‘Just about any Brexit will damage UK economy’

25 Jun 19

A think-tank has warned most forms of Brexit will damage the UK economy - while the Office for National Statistics has predicted borrowing will increase this financial year. 

A report from the think-tank UK in a Changing Europe has said that “most forms of Brexit will worsen the government’s fiscal position, probably significantly” and added that this will impact on policy initiatives and the timing of the Spending Review.

The study predicted that economic damage would disproportionately hit those in the country who are already worse off.

“The impacts of Brexit on regions and sectors are, if anything, likely to disadvantage those which are already lagging behind,” it said.

A sharp fall in sterling has pushed up prices without doing much to boost exports, and uncertainty has reduced business investment in the UK, the report added.

It claimed that even if the UK were to “reverse course and remain in the EU” there would still be lasting damage to our international reputation for political and economic stability.

“Looking forward, it is less a question of whether Brexit will be damaging economically, but the extent of the damage, with a no-deal exit posing particular risks,” the report said.

Anand Menon, director of the think-tank and professor at King’s College London, said: “No-one could claim that progress so far has been an unmitigated success – but it’s up to politicians to make it a success in future.”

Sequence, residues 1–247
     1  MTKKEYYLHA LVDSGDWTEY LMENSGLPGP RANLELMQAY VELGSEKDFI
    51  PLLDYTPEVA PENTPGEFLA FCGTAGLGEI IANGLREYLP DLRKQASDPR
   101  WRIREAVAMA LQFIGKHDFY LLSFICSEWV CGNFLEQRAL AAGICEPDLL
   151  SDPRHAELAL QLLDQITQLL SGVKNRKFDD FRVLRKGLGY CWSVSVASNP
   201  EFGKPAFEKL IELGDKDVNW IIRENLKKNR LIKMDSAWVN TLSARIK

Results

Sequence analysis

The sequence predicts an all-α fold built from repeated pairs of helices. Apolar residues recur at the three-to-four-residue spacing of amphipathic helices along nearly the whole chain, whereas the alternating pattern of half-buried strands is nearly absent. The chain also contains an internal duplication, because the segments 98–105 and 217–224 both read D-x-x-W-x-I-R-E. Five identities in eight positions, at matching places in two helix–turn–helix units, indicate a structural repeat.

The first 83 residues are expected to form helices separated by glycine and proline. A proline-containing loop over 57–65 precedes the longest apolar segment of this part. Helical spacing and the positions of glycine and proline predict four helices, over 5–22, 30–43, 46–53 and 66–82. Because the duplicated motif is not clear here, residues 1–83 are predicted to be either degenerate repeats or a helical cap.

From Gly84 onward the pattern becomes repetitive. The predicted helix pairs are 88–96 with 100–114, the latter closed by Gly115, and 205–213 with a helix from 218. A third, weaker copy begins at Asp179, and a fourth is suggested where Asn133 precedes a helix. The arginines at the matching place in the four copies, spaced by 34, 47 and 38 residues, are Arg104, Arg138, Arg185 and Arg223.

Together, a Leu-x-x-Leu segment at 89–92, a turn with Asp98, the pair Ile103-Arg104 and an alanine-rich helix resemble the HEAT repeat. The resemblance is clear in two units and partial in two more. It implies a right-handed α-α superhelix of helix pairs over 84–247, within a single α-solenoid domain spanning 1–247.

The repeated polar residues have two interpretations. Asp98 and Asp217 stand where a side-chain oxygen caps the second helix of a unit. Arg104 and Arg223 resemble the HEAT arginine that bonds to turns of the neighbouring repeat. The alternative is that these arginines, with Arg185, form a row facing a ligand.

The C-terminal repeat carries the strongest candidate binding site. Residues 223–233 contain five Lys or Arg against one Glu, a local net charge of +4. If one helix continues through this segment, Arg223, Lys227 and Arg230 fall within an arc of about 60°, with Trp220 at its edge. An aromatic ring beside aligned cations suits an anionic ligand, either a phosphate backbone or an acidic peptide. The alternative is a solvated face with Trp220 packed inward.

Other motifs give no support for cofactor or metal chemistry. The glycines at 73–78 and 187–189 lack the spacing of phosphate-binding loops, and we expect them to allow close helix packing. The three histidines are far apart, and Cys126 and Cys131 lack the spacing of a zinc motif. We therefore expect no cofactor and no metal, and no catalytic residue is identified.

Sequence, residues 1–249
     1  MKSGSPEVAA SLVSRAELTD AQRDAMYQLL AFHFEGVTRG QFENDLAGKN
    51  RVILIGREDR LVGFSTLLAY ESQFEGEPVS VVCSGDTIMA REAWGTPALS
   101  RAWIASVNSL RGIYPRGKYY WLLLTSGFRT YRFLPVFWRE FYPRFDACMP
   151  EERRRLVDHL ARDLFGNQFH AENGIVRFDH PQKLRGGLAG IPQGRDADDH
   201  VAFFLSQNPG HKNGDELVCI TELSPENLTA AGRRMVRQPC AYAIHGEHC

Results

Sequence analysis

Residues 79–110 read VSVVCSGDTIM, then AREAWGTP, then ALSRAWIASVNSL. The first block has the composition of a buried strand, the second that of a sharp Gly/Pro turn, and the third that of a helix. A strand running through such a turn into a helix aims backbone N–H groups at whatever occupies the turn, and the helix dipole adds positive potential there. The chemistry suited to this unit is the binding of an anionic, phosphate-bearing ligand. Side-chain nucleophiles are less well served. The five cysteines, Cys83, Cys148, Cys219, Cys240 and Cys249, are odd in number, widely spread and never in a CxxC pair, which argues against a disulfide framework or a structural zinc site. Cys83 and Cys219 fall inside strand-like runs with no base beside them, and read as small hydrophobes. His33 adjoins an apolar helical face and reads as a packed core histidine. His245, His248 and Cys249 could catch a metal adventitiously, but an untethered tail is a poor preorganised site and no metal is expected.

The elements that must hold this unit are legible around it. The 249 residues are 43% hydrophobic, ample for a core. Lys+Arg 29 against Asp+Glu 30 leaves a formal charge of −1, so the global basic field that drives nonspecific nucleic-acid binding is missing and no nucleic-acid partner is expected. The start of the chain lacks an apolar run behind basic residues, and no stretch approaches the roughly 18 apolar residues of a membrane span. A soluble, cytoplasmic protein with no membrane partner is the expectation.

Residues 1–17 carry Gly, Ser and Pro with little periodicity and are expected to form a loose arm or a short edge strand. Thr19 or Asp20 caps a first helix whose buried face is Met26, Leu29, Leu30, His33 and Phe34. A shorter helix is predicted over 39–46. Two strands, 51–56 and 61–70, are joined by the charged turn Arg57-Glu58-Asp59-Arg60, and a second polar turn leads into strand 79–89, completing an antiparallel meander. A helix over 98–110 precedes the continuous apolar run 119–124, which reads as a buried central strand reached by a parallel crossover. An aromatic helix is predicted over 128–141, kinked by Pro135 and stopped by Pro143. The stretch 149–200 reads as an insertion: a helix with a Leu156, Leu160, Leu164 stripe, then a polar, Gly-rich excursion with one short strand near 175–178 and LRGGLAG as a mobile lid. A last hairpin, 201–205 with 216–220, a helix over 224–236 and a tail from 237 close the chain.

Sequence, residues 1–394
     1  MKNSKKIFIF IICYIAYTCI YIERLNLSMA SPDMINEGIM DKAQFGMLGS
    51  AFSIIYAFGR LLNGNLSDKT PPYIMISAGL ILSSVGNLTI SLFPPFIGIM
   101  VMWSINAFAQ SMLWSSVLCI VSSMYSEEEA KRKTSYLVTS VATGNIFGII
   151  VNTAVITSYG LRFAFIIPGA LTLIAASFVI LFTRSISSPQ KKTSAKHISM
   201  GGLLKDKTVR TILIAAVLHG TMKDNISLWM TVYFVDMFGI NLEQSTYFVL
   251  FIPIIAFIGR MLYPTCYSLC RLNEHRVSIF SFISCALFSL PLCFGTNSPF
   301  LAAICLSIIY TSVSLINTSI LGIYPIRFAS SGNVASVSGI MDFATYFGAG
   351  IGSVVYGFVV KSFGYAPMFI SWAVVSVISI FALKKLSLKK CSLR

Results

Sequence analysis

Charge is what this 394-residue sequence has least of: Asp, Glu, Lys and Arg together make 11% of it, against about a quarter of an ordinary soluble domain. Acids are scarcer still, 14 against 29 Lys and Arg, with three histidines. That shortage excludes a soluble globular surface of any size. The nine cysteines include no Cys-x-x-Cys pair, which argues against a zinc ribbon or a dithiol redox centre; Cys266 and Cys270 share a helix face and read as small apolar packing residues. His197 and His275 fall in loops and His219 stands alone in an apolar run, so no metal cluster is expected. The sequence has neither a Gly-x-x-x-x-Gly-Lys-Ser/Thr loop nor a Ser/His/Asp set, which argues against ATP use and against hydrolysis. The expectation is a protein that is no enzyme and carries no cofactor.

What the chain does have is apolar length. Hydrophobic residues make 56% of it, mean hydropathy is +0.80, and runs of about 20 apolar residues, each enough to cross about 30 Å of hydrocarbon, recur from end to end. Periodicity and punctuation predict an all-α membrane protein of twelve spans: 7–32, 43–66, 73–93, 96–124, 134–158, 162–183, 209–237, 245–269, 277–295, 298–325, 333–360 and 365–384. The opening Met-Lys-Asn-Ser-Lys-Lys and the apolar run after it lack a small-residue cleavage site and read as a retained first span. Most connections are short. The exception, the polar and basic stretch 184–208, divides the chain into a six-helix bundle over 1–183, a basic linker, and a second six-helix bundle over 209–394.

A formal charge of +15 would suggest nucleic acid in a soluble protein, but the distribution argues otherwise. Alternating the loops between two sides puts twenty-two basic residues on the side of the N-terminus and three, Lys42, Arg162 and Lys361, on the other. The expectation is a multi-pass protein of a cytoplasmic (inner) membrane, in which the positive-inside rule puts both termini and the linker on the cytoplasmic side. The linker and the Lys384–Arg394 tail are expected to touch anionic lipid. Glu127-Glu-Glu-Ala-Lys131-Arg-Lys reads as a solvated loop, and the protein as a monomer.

Professor Jonathan Portes, also of King’s College London and a senior fellow of UK in a Changing Europe, said: “Many hoped that Brexit would be a ‘reset moment’ that would force the British political system to address long-neglected structural issues, both economic and social. So far, that opportunity has been missed whether that can change will determine the long-run success of Brexit.”

The report compounds projections from the ONS from Friday, which suggested borrowing could increase to £29.3bn in the financial year ending March 2020 – up from £24bn in the year ending March 2019.

ONS figures also showed that borrowing grew to £5.1bn in May 2019 - £1bn more than in May 2018, though this figure is still the lowest for that month since 2002.

The deficit in the current financial year to date (April 2019 to May 2019) was £11.9bn, £1.8bn more than in the same period last year.

Howard Archer, chief economic advisor to the EY Item Club, said it was “not the best news on the public finances”, due to year-on-year deterioration.

“Much will depend on Brexit developments and how the economy reacts,” he added.

Chancellor Phillip Hammond warned last week that a no-deal Brexit would wash away the Treasury’s fiscal headroom and future public spending plans.

Did you enjoy this article?